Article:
Middlebrooks leads Sox to 6-5 victory over Marlins, series sweep

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Middlebrooks leads Sox to 6-5 victory over Marlins, series sweep

BOSTON -- For the past month, Will Middlebrooks and Kevin Youkilis have essentially been sharing playing time. But Thursday night, Middlebrooks may have put an end to the job-share.
Middlebrooks delivered two of the first three Red Sox runs with RBI singles, then blasted a game-tying two-run homer in the bottom of the eighth inning, setting the stage for a dramatic Red Sox comeback win, 6-5, over the Miami Marlins.
Daniel Nava, who had four hits Wednesday night, added two more, the second of which scored Ryan Kalish from third base with the winning run. Kalish had shown great hustle immediately prior to Nava's at-bat, speeding from first to third on a groundout to the right side.
The win was the fifth in a row and gave the Red Sox their first sweep of a series three games or longer at Fenway since last July.
Alfredo Aceves notched the save, his 18th of the season.
The Sox had fallen behind quickly when starter Daisuke Matsuzaka had one of his typically rocky first innings, needing 33 pitches to escape after allowing three runs on three hits and a walk and three stolen bases.
Matsuzaka self-corrected after that, retiring 14 in a row before a solo homer by Giancarlo Stanton ended his night with one out in the sixth. The Marlins added another run off Andrew Miller that inning, setting the stage for Middlebrooks' heroics in the eighth.
The Sox chipped away at Miami's 3-0 edge when Middlebrooks singled home baserunners in the fourth and fifth. A sacrifice fly from Mike Aviles accounted for the other Red Sox run.
Scott Atchison got the win with two shutout innings of relief.

Pedro Martinez talks about one of the greatest games he's ever pitched

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Pedro Martinez talks about one of the greatest games he's ever pitched

CSN baseball analyst Lou Merloni sits down with Pedro Martinez and Red Sox hitting coach Chili Davis to discuss one of Pedro's greatest games. 

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On September 10, 1999 at the height of the Red Sox/Yankees rivalry, Pedro Martinez struck out 17 Yankees in a complete game victory, with the only hit he allowed being a home run to Chili Davis. The two men recall that memorable night in the Bronx, and discuss the state of pitching in 2017.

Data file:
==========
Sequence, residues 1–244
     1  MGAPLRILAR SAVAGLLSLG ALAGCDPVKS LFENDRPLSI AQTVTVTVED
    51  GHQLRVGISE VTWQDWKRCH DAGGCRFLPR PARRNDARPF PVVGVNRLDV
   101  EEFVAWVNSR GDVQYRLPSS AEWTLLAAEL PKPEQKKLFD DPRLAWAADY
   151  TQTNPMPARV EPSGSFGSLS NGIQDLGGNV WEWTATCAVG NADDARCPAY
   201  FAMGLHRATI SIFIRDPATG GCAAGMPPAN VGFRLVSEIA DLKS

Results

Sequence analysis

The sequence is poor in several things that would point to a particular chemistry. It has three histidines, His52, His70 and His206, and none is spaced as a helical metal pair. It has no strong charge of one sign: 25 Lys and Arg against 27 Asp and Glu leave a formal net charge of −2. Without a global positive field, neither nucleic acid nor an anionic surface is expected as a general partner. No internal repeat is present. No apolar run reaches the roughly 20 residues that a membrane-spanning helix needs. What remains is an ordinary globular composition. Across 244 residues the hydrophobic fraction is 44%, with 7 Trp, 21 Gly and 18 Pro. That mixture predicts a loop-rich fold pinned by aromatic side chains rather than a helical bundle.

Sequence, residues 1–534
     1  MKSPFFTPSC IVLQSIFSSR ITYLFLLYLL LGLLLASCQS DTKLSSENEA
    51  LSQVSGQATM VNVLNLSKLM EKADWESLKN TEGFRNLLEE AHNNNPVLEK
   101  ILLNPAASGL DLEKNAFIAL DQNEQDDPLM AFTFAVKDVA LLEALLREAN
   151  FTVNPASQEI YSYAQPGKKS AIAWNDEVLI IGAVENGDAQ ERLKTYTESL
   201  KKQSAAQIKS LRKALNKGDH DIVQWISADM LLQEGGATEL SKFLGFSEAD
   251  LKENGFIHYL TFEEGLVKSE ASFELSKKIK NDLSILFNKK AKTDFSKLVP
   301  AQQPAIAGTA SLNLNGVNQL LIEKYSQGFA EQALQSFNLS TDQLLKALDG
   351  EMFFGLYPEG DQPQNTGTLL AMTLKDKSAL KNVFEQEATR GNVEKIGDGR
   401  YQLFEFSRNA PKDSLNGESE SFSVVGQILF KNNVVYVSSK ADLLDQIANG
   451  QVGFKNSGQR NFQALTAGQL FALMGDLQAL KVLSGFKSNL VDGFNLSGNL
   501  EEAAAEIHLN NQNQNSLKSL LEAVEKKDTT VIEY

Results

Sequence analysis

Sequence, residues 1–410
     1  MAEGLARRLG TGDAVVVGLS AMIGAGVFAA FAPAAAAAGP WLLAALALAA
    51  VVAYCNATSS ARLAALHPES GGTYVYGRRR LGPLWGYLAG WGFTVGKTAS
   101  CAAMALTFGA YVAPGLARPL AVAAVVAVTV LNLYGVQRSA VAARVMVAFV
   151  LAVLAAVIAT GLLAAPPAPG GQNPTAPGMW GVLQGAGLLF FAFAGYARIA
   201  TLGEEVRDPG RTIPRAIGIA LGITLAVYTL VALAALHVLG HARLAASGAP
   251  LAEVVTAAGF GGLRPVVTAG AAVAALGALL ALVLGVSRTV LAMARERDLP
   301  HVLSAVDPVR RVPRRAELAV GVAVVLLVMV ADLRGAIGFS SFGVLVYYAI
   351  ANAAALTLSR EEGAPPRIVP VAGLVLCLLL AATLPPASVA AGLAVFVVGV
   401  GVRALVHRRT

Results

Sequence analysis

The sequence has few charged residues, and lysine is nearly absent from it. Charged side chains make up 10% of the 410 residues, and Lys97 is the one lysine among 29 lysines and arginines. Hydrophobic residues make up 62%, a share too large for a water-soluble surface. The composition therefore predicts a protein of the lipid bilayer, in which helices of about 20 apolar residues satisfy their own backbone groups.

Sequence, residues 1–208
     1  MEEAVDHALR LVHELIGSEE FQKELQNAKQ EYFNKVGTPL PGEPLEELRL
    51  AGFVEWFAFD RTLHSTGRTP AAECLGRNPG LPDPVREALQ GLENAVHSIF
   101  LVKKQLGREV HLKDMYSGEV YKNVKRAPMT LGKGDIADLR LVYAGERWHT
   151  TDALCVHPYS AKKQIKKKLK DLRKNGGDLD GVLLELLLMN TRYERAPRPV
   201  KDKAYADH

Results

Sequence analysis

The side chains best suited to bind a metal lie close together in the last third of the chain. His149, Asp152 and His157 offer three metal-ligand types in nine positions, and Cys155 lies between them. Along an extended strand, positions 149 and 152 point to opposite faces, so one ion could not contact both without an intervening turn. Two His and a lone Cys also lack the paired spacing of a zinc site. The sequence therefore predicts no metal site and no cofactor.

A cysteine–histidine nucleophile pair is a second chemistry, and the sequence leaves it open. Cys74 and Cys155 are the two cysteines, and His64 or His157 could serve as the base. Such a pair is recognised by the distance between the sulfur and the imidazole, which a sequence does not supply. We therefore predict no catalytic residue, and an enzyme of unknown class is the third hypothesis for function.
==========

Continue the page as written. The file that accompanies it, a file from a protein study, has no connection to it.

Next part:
MLB players' union agrees to pitchless intentional walks

MLB players' union agrees to pitchless intentional walks

NEW YORK - There won't be any wild pitches on intentional walks this season.

The players' association has agreed to Major League Baseball's proposal to have intentional walks without pitches this year.

"It doesn't seem like that big of a deal. I know they're trying to cut out some of the fat. I'm OK with that," Cleveland manager Terry Francona said.

While the union has resisted many of MLB's proposed innovations, such as raising the bottom of the strike zone, installing pitch clocks and limiting trips to the mound, players are willing to accept the intentional walk change.

"As part of a broader discussion with other moving pieces, the answer is yes," union head Tony Clark wrote Wednesday in an email to The Associated Press. "There are details, as part of that discussion, that are still being worked through, however."

The union's decision was first reported by ESPN .

"I'm OK with it. You signal. I don't think that's a big deal," Yankees manager Joe Girardi said. "For the most part, it's not changing the strategy, it's just kind of speeding things up. I'm good with it."

There were 932 intentional walks last year, including 600 in the National League, where batters are walked to bring the pitcher's slot to the plate.

"You don't want to get your pitcher out of a rhythm, and when you do the intentional walk, I think you can take a pitcher out of his rhythm," Girardi said. "I've often wondered why you don't bring in your shortstop and the pitcher stand at short. Let the shortstop walk him. They're used to playing catch more like that than a pitcher is."

Agreement with the union is required for playing rules changes unless MLB gives one year advance notice, in which case it can unilaterally make alterations. Baseball Commissioner Rob Manfred expressed hope Tuesday that ongoing talks would lead to an agreement on other changes but also said clubs would reserve the right to act unilaterally, consistent with the rule-change provision of the sport's labor contract.

Some changes with video review can be made unilaterally, such as shortening the time to make a challenge.

"I know they were thinking about putting in a 30-second (limit) for managers to make a decision," Francona said. "I actually wish they would. I think it would hustle it up and if we can't tell in 30 seconds, maybe we shouldn't be doing it anyway."